On the South Fork, those who knew Mr. Buffett recalled a trusted friend. “Jimmy just had this charisma and this energy,” said Tony Caramanico of Montauk, a surfer and artist. “He seemed to do more things in one day than people would do in a week. We’d surf in the morning, then he’d say he’s going to fish, or sail, or play golf or tennis — always something going on. He was very productive. Even between surf sessions this year, he’d be writing songs, finishing interviews. He was just always in motion.”

When Mr. Caramanico had an art show in Key West, Mr. Buffett lent him his house there. “In St. Barts, we did a lot of surfing and hanging out,” he said. “But mostly here, surfing in Montauk, doing trips to Block Island. It was a lot of fun.” He recalled boating excursions with Mr. Buffett and a mutual friend, Russell Drumm, a reporter for The Star who died in 2016. “A lot of good memories,” he said.

“His music spoke for itself,” Mr. Caramanico added. “I’ve been to his concerts and watched the hysteria that goes on around it. He just drew people in, he was a happy guy. Everybody fed off of it. He was so well loved wherever he went. He was accessible. He would sit in a parking lot getting ready to surf and say hi to people, be gracious, stop and talk to people.”

Mr. Buffett performed at the Stephen Talkhouse in Amagansett “probably a dozen times,” said Peter Honerkamp, an owner of the storied live-music venue. Mr. Honerkamp took over the Talkhouse in 1987 and quickly added live music to its offerings. The following year, he recalled, Mr. Buffett came to the club with Jann Wenner, the founder of Rolling Stone magazine and a part-time resident of Montauk, to see the late blues guitarist Albert Collins and his band, the Icebreakers.

“He was a local guy, he was a regular guy, he just came to the bar, played with all these artists, and did these charity events,” he said. Mr. Buffett “bailed me out on innumerable occasions.”

A letter from Mr. Honerkamp detailing some of Mr. Buffett’s charitable efforts appears elsewhere in this issue. “He always saved the day,” he said of Mr. Buffett. “I’m really sad about this.”

“Always a sweet man who did so much to make people happy with his music and his efforts,” Nick Kraus, also of the Talkhouse, wrote on social media. “He will be missed by many.”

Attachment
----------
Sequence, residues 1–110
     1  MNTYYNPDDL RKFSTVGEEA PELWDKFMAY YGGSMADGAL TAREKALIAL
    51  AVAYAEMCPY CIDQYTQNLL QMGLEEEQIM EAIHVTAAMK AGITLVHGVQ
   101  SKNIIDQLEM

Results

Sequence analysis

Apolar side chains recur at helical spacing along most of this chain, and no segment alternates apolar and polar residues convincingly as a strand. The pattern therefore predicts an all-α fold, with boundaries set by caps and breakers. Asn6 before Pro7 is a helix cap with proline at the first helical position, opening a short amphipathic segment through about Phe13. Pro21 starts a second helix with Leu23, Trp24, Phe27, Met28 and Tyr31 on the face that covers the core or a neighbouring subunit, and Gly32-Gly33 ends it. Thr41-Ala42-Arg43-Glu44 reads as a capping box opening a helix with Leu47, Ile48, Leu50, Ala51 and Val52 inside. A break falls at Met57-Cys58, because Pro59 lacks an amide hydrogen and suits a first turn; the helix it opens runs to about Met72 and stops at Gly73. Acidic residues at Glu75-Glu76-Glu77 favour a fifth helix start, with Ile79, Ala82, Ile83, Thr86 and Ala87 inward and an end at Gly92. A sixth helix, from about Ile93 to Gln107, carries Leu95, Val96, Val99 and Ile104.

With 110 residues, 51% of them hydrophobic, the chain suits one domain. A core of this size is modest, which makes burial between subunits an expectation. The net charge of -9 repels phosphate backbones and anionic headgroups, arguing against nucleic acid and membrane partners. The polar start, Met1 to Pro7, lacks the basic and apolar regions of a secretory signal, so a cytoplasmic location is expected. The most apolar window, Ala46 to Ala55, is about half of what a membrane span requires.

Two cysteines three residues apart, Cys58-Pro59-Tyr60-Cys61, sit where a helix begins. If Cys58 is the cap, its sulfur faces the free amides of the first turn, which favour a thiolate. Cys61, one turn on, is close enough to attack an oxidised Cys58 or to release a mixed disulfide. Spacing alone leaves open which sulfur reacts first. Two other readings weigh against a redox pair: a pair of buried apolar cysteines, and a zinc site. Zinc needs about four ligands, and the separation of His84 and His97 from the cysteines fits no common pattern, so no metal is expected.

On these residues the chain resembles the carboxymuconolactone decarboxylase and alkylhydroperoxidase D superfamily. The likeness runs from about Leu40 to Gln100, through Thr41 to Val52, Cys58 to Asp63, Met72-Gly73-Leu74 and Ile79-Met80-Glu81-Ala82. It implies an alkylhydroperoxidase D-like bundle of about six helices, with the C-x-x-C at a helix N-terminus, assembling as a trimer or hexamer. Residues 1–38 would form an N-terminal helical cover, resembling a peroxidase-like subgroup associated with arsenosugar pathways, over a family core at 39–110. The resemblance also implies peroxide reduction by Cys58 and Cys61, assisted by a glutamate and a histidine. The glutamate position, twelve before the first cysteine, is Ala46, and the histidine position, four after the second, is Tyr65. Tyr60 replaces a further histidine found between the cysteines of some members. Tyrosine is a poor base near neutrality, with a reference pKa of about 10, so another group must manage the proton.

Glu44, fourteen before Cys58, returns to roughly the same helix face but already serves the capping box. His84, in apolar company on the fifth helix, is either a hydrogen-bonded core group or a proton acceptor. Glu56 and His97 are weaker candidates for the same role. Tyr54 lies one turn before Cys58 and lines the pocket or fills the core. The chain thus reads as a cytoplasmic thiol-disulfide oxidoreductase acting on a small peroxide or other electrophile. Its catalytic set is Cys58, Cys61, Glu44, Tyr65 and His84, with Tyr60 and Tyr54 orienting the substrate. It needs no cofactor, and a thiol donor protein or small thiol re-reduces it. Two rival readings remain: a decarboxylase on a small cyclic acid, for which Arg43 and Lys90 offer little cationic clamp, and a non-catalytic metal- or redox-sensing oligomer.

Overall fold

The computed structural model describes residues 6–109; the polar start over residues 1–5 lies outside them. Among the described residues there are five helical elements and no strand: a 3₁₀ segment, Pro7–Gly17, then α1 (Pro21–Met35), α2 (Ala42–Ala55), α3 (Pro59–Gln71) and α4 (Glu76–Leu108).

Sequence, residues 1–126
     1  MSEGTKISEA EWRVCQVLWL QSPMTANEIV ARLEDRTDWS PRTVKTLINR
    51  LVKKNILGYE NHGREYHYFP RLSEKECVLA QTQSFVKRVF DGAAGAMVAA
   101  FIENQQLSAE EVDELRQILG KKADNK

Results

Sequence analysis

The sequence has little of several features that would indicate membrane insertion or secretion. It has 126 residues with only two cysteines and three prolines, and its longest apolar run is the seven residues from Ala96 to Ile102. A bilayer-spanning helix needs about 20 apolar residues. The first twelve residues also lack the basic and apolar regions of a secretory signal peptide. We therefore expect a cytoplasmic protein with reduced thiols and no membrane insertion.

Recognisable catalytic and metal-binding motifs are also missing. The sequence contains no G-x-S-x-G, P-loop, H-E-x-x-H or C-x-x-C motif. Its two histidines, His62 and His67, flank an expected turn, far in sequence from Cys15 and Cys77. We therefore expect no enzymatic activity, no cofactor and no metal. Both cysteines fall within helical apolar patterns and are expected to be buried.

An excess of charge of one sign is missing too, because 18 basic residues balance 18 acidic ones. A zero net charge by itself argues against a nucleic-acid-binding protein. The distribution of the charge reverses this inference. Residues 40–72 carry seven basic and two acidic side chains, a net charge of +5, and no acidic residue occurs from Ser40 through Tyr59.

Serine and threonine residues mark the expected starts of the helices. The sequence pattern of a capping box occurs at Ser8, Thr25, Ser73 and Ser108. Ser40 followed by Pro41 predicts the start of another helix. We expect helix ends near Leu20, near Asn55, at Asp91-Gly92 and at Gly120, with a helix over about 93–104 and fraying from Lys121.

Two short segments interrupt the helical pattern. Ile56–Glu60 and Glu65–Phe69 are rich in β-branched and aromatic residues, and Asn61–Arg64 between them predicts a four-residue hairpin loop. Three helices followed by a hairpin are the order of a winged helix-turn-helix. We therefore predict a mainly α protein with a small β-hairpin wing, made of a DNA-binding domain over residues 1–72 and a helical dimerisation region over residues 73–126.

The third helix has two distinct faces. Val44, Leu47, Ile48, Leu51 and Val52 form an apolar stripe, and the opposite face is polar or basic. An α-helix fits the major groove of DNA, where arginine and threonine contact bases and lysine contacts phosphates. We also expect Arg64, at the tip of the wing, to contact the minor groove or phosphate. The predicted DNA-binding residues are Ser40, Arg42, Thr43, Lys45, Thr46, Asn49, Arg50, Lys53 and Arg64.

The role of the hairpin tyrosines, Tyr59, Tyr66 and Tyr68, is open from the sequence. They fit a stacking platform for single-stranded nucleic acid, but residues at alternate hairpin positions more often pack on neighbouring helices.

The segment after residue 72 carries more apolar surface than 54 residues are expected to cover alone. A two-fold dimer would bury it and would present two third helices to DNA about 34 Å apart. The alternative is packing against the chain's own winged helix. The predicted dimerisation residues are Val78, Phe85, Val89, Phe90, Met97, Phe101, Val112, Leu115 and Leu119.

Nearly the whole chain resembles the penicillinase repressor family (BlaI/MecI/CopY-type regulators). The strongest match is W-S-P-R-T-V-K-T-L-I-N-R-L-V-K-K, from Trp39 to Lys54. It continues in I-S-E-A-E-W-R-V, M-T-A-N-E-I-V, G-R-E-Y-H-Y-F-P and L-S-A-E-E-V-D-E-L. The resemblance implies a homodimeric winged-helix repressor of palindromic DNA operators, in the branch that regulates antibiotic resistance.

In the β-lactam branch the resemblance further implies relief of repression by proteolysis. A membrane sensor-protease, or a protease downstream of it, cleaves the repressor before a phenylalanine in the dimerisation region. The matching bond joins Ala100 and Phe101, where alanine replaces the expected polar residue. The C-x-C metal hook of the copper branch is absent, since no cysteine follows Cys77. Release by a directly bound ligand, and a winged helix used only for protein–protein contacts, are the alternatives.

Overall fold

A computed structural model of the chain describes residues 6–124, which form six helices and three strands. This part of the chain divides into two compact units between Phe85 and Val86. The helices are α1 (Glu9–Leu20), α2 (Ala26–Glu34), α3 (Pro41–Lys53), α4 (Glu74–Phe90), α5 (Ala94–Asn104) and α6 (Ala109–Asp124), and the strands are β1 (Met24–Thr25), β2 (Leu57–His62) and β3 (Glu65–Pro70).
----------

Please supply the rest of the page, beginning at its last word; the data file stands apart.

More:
Paul McCartney, who owns a house in Amagansett, was also among those taking to social media following word of Mr. Buffett’s death. “It seems that so many wonderful people are leaving this world, and now Jimmy Buffett is one of them,” Mr. McCartney, who performs on “My Gummy Just Kicked In,” wrote on Saturday. “I’ve known Jimmy for some time and found him to be one of the kindest and most generous people.”

The picture Mr. McCartney posted of himself with Mr. Buffett appears to have been taken at the Talkhouse, where, one memorable night in August 2013, the former Beatle, along with Mr. Buffett and the actress Anjelica Huston, partied and chatted with fans late into the night after an unannounced performance by Mr. Buffett, who opened for his friend Tom Curren.

Mr. Buffett is survived by his wife of 46 years, Jane Buffett, his daughters, Savannah Jane Buffett and Sarah Delaney Buffett, a son, Cameron Marley Buffett, a grandson, Marley Ray Buffett, and “a devoted pack of dogs,” according to his website. Two sisters, Laurie Buffett McGuane and Lucy Buffett, also survive, as do five nieces and a nephew.

His family has suggested memorial donations to his Singing for Change foundation at, Brigham and Women’s Hospital at, the Dana-Farber Cancer Institute at, or the MD Anderson Cancer Center at

Mr. Buffett, Mr. McCartney wrote, “had a most amazing lust for life and a beautiful sense of humour. When we swapped tales about the past his were so exotic and lush and involved sailing trips and surfing and so many exciting stories that it was hard for me to keep up with him. Right up to the last minute his eyes still twinkled with a humour that said, ‘I love this world and I’m going to enjoy every minute of it.’ “